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Antonín DVOŘÁK (1841-1904)
Requiem Op.89 B165 (1890)
Gabriela Beňačková (soprano)
Ida Kirilová (alto)
Josef Protscka (tenor)
Luděk Vele (bass)
Prague Philharmonic Chorus
Czech Philharmonic Orchestra/Václav Neumann
rec. St. Vitus Cathedral, Prague, 1988
Sound Format; PCM stereo: languages; GB, D, F, SP: Subtitles; GB, D, F, SP: picture Format; 4:3: Region Code; 0 (worldwide): DVD 9 NTSC
ARTHAUS 102 063 [97:00]



No applause in church of course. So when Václav Neumann steps up to the rostrum in St Vitus Cathedral he bows to the audience, the totality of which we never see, with a pleasant but distant look. The camera angles are initially disconcerting. Close, tight shots of the principal cellist’s cello, shots of the drumsticks on the drumhead, a close shot of a small section of the sopranos. It makes for a rather claustrophobic start to the Requiem aeternam. After a while it dawned on me that the director was establishing the polyphonic heartland of the work and setting it in immediate motion; the ear, as it were, directed by the eye. These layers of visual polyphony, once established, don’t recur to anything like the same extent and the point, once made, is a good one. The other camera angles are in the main gimmick-free, apart from a camera shot from the side, and slightly to the back of the soloists, which proved a little queasy.
 
The soloists are a homogeneous though not entirely convincing unit. Beňačková is the pick of the quartet, powerful, imperious but also suitably yielding and good in ensembles. Her Slovak colleague Ida Kirilová makes for a rather florid partner. Her singing in the Tuba mirum is intensely dramatic but will be, for some, compromised by a big vibrato and an overtly operatic sense of projection. Josef Protscka, sporting his vaguely nineteenth century facial topiary, is an involving and attractive tenor. His bass colleague Luděk Vele is also noted as a bass-baritone and it’s the lighter voice that best describes him I feel. Though he has a solid downward extension he’s heard at his best in the upper reaches of the baritone register, where things sit comfortably for him.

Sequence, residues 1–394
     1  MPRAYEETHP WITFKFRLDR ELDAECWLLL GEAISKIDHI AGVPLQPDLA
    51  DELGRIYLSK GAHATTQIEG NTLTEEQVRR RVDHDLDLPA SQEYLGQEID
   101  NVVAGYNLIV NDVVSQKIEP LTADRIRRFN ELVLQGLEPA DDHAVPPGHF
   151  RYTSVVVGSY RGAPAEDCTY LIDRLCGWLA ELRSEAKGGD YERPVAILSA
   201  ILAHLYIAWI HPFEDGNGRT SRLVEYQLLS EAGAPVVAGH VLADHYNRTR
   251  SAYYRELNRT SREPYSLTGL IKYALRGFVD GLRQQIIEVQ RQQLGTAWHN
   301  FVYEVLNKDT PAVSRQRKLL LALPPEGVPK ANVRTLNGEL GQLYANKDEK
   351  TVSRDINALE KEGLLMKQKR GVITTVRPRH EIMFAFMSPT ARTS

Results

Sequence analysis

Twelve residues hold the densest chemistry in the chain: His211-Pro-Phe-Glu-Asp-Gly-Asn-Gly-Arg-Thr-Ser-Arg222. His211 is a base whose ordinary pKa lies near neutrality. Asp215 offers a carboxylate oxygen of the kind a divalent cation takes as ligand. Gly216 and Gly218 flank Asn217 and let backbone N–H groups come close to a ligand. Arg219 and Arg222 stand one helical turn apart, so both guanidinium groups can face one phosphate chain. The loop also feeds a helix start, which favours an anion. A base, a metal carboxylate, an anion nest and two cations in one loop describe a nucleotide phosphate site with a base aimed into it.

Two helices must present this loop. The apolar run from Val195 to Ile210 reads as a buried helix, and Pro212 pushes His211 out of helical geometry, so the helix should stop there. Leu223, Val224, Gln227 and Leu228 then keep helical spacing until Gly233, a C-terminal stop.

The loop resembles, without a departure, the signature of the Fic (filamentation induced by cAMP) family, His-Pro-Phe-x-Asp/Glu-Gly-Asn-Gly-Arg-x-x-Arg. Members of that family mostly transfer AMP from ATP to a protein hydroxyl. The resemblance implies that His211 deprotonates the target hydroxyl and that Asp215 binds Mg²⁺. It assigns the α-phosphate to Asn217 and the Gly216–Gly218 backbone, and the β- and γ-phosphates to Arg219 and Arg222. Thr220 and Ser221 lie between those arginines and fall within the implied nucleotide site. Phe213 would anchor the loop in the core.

Neumann directs with impressive and only occasionally impassive control. He sculpts the fugal passages with incision, though the long delay and decay of the cathedral acoustic sometimes blunts his better intentions. The Offertorium is a particularly telling example of his choral control. The orchestra plays well; there are numerous shots of the winds and rightly so given their important commentaries.
 
This visual documentation of Neumann’s Requiem is only very generally dated to 1988 but is nevertheless a valuable one.
 
Jonathan Woolf

 

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